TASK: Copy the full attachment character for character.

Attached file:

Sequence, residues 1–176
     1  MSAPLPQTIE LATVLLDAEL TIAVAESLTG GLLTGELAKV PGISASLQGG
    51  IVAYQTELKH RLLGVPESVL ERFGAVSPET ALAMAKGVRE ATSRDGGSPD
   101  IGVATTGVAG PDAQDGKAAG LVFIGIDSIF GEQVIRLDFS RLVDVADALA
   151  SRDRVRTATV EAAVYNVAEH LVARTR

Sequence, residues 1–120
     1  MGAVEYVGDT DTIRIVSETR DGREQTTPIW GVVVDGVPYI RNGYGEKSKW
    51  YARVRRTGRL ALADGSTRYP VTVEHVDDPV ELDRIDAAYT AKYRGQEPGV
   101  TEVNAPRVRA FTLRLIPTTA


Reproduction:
Sequence, residues 1–176
     1  MSAPLPQTIE LATVLLDAEL TIAVAESLTG GLLTGELAKV PGISASLQGG
    51  IVAYQTELKH RLLGVPESVL ERFGAVSPET ALAMAKGVRE ATSRDGGSPD
   101  IGVATTGVAG PDAQDGKAAG LVFIGIDSIF GEQVIRLDFS RLVDVADALA
   151  SRDRVRTATV EAAVYNVAEH LVARTR

Sequence, residues 1–120
     1  MGAVEYVGDT DTIRIVSETR DGREQTTPIW GVVVDGVPYI RNGYGEKSKW
    51  YARVRRTGRL ALADGSTRYP VTVEHVDDPV ELDRIDAAYT AKYRGQEPGV
   101  TEVNAPRVRA FTLRLIPTTA